room, had it been proven, would not be suf cient in itself to invalidate the execution of
the will. But we are unanimously of opinion that had this subscribing witness been
proven to have been in the outer room at the time when the testator and the other
subscribing witnesses attached their signatures to the instrument in the inner room, it
would have been invalid as a will, the attaching of those signatures under circumstances
not being done "in the presence" of the witness in the outer room. This because the line
of vision from this witness to the testator and the other subscribing witnesses would
necessarily have been impeded by the curtain separating the inner from the outer one
"at the moment of inscription of each signature."
In the case just cited, on which the trial court relied, we held that:
"The true test of presence of the testator and the witnesses in the execution
of a will is not whether they actually saw each other sign, but whether they might
have been seen each other sign, had they chosen to do so, considering their
mental and physical condition and position with relation to each other at the
moment of inscription of each signature."

But it is especially to be noted that the position of the parties with relation to
each other at the moment of the subscription of each signature, must be such that they
may see each other sign if they choose to do so. This, of course, does not mean that the
testator and the subscribing witnesses may be held to have executed the instrument in
the presence of each other if it appears that they would not have been able to see each
other sign at that moment, without changing their relative positions or existing
conditions. The evidence in the case relied upon by the trial judge discloses that "at the
moment when the witness Javellana signed the document he was actually and
physically present and in such position with relation to Jaboneta that he could see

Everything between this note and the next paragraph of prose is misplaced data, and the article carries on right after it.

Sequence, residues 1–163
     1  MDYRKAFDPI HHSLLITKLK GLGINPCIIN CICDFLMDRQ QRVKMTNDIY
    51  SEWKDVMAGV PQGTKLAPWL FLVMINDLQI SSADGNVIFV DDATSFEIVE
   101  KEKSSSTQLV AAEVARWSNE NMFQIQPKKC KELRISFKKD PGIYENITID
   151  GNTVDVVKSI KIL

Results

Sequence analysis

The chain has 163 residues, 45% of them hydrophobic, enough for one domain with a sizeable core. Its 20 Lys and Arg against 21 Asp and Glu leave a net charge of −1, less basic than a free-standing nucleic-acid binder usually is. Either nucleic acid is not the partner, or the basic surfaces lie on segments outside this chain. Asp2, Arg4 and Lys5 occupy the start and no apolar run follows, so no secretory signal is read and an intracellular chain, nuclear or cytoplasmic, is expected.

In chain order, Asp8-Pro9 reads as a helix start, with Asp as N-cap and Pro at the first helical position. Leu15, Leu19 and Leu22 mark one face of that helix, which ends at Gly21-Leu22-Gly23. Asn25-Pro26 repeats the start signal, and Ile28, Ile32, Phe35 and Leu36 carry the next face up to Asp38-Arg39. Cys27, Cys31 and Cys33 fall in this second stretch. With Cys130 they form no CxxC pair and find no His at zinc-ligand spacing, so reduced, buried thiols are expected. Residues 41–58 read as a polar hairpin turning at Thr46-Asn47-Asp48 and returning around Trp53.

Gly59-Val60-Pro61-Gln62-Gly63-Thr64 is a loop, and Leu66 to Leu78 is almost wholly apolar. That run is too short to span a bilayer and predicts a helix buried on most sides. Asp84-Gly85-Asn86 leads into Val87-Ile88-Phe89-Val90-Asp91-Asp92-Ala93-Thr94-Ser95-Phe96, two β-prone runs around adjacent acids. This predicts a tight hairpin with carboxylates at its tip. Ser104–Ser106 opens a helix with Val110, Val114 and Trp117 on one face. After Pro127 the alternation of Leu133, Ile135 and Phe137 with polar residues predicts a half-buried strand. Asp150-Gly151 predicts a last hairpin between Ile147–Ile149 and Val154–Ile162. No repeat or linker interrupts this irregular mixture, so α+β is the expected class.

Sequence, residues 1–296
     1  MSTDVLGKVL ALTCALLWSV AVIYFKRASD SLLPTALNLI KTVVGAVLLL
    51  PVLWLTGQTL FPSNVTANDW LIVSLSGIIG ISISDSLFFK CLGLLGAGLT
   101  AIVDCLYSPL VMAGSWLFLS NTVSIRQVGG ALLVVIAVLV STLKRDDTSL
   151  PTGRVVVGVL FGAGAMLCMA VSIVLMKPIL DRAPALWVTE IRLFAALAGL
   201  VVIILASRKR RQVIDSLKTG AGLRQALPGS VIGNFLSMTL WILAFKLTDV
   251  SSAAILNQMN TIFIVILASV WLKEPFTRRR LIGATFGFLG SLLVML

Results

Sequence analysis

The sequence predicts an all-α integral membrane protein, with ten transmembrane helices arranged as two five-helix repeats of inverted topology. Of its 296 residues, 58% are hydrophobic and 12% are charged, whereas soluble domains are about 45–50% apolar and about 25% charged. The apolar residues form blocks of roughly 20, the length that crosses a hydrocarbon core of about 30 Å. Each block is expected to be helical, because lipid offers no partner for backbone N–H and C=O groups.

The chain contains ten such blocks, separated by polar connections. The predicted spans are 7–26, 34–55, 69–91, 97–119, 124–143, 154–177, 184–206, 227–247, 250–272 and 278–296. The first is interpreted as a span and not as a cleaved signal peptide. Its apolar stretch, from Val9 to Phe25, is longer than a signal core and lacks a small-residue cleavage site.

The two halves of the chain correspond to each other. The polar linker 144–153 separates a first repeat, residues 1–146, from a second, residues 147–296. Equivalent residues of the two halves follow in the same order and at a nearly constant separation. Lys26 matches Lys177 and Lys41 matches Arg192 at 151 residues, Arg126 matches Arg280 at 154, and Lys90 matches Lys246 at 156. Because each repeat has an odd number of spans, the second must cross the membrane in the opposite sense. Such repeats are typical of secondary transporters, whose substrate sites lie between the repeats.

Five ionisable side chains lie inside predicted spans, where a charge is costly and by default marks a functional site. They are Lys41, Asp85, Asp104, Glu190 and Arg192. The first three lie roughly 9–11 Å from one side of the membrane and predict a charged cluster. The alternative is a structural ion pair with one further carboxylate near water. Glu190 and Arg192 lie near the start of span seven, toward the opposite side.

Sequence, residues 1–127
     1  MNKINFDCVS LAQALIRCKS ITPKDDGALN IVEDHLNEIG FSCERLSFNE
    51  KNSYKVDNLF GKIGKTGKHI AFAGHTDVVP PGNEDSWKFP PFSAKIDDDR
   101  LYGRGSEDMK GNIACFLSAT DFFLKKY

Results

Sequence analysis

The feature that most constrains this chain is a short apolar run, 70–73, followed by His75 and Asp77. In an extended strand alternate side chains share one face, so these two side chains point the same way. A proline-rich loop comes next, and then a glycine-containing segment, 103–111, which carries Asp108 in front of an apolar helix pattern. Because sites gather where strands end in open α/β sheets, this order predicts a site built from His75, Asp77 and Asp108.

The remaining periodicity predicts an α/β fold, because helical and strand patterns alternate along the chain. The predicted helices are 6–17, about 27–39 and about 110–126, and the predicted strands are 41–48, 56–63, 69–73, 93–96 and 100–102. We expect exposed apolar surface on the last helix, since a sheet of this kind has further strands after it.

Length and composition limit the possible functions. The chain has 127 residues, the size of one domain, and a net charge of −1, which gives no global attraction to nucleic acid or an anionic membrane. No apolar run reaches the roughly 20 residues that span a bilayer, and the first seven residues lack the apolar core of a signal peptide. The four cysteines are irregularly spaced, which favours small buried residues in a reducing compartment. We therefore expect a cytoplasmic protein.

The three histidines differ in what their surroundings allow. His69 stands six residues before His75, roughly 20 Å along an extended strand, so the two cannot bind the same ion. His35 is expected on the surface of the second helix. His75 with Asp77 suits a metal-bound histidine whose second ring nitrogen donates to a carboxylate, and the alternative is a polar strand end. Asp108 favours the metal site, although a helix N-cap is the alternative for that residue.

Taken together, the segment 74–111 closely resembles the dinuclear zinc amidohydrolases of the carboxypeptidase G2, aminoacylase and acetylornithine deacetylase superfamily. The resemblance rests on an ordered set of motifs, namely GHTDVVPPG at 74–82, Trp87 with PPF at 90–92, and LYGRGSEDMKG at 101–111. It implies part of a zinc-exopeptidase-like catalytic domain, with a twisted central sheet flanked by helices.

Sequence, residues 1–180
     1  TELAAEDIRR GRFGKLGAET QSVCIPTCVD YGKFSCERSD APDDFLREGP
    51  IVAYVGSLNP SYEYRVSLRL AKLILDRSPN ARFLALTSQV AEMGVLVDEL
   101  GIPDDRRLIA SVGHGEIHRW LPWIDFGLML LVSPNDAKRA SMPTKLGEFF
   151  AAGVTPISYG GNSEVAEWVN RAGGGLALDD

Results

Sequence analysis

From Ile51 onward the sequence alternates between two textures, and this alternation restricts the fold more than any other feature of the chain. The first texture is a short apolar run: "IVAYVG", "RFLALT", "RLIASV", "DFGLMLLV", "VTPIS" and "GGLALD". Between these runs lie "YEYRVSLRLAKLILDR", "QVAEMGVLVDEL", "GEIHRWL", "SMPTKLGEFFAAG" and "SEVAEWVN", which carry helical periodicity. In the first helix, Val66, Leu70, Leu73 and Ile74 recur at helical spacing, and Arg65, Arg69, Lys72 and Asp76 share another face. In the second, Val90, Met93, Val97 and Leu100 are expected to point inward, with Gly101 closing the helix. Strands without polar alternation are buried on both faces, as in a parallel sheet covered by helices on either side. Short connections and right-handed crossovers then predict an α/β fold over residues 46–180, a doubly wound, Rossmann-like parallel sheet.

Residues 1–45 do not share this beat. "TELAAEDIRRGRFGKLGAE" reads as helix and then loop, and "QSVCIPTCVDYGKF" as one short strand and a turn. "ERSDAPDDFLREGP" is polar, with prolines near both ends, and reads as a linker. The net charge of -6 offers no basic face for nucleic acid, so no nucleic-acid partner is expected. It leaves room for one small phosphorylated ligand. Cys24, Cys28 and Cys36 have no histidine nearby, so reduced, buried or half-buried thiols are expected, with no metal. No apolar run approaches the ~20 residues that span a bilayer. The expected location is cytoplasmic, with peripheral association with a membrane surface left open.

everything that took place by merely casting his eyes in the proper direction and without
any physical obstruction to prevent his doing so." And the decision merely laid down the
doctrine that the question whether the testator and the subscribing witnesses to an
alleged will sign the instrument in the presence of each other does not depend upon
proof of the fact that their eyes were actually cast upon the paper at the moment of its
subscription by each of them, but that at that moment existing conditions and their
position with relation to each other were such that by merely casting the eyes in the
proper direction they could have seen each other sign. To extend the doctrine further
would open the door to the possibility of all manner of fraud, substitution, and the like,
and would defeat the purpose for which this particular condition is prescribed in the
code as one of the requisites in the execution of a will.
The decree entered by the court below admitting the instrument propounded
therein to probate as the last will and testament of Pedro Rimando, deceased, is
affirmed with costs of this instance against the appellant.

Arellano, C.J., Mapa, Moreland and Trent, JJ., concur.